Three diocesan Catholic high schools prepare young people not only academically but also spiritually to meet the challenges they will face in life. These young adults learn about social justice in their schools, their communities and their world.
Mater Dei Catholic High School in Breese: When people see a marching band perform or walk by in a parade, they generally have no idea how much time and effort goes into making that performance great.
Mater Dei Marching Knights have been winning competitions this year, most notably in percussion and color guard classes as well as others and taking first or second place in class or division.
“I love it,” Blake Korte, band director for the third year at the school, said.
The 62 members of the band must love it too, participating in practice two and a half hours twice a week, and sometimes more for various sections of the band. Band members participate “because they want to be there,” Korte said. The band’s season, Korte said, runs from July when members participate in a two-week band camp, practicing from 10 a.m. to 8 p.m. every day, to late October.
In fact, the band’s last competition will be held Oct. 29 at Belleville East High School.
Two drum majors lead and look after the band. Senior, Emma Dumstorff, said she didn’t participate in the band her freshman year but has for the past three years. “The band gave me a home,” she said. “They’re such a blessing.”
She and Amber Litteken, the other drum major, “help keep everything positive,” Dumstorff said.
Korte said the band “respect the drum majors.”
While people don’t see all the practice that goes into making an award-winning band, “the drills are demanding,” Korte said, and the band “is getting better and better with each rehearsal.
To see the band perform, go to a Mater Dei home football game. They perform during half-time, and they march in local parades, including the St. Louis Thanksgiving Day parade.
Gibault Catholic High School in Waterloo: If you say “trash,” Gibault Catholic High School students say “recycle.”
Actually, they say more than that, and under the direction of Gibault biology teacher Karen Asbury, they have been collecting paper, plastic and aluminum not only to be environmentally responsible but also to help fund projects at the school.
Students belong to SCOPE — Students Concerned about Our Planet and Environment — and work on a variety of projects throughout the year, emptying bins and contributing to their school.
Asbury received a grant to provide solar panels to power the school’s greenhouse and take it off the power grid.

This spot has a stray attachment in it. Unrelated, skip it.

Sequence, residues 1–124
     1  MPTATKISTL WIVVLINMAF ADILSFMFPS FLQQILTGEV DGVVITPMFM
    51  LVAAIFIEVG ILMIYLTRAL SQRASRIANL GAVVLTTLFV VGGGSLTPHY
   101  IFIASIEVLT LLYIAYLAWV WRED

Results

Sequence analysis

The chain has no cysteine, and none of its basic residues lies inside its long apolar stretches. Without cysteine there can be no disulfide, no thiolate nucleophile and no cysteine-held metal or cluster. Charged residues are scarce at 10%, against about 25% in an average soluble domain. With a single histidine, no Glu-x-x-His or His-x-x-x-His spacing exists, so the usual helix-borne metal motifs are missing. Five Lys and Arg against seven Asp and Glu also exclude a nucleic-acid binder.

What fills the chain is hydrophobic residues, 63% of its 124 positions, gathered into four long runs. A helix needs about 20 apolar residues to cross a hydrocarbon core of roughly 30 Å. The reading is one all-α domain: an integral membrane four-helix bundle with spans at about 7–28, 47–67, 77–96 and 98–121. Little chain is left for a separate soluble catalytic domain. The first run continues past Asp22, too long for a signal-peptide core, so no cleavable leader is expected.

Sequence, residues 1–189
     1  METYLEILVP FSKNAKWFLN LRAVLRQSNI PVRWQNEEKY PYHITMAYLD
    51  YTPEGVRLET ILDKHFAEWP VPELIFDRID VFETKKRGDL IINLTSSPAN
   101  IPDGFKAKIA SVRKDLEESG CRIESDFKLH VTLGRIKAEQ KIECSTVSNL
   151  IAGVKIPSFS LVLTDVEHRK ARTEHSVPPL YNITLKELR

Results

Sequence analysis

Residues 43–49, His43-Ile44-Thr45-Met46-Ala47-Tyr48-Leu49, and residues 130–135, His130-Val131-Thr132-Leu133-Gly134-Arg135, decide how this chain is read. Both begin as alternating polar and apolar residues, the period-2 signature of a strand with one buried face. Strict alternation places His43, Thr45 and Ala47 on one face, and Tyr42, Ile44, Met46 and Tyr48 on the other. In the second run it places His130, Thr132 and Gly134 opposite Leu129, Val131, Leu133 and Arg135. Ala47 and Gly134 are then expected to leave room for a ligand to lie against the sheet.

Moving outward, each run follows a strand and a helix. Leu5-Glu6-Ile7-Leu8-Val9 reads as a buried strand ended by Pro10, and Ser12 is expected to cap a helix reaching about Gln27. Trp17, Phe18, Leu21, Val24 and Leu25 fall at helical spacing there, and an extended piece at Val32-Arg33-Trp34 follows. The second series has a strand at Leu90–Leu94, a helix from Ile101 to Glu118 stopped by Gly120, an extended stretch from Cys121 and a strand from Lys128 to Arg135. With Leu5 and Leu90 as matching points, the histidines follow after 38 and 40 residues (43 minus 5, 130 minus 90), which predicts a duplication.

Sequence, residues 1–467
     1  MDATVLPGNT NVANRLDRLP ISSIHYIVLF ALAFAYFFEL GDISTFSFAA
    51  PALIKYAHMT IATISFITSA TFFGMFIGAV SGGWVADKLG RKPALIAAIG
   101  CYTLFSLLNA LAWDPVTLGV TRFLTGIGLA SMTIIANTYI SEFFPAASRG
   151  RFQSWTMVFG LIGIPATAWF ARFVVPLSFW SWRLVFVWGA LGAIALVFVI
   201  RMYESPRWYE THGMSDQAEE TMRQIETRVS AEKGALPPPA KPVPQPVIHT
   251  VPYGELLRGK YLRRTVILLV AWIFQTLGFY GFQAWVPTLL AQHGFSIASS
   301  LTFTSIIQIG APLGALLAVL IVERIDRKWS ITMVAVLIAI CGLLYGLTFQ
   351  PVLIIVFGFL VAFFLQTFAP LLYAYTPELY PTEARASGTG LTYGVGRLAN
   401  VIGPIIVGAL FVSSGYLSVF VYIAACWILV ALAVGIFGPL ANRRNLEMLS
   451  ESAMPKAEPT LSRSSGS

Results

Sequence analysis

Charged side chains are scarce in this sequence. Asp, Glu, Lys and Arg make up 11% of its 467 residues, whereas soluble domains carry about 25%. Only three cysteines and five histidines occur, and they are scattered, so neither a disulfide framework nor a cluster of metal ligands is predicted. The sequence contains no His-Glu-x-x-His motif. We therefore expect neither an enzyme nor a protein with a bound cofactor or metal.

SCOPE also collected plastic caps and lids — 400 lbs. per bench — sent them off with a check for $200 or $250 and picked up four plastic benches that provide seating on the school’s patio.
Russell Hart, school principal, liked the benches so much he encouraged them to provide two more benches for the school.
“It’s fantastic,” Hart said of the club’s efforts in recycling and placement of the solar panels.
The group has also adopted a portion of Route 3 in Waterloo to keep clean. Money from recycling is used to sponsor an animal at the St. Louis Zoo or animal facilities, Asbury said.
SCOPE students not only study the environment in class but they also do their part to protect it at school and in the community as well.
“We can incorporate information about the environment in our lessons,” Asbury said. “We can run data and can see what alternative energy can do.”
Sidney Wightman said she joined SCOPE so she could “change the environment in the world,” beginning with her school and community.
Althoff Catholic High School in Belleville: While many schools have introduced STEM — Science, Technology, Engineering and Math — into their classrooms, Althoff Catholic High School in Belleville is looking forward to implementing a STREAM lab in the fall of 2017.
Because “we are a Catholic school,” Dave Harris, Althoff principal, said, “we want STREAM — Science, Technology, Religion, Engineering, Art and Math — in our classrooms.
The school has begun a $3.5 million capital campaign to raise money for the new lab and for an athletic complex that will allow Althoff to share the facilities with area Catholic elementary schools.
Using technology is de rigueur in Althoff classrooms as well as beginning each class with prayer, Harris said.
On this day in Angie Luetkenhaus’ class, biology students were learning about mitosis and modeling the phases. Then students will make videos with their iPads of the lesson.
For more information on the campaign or the school, please go to althoff.net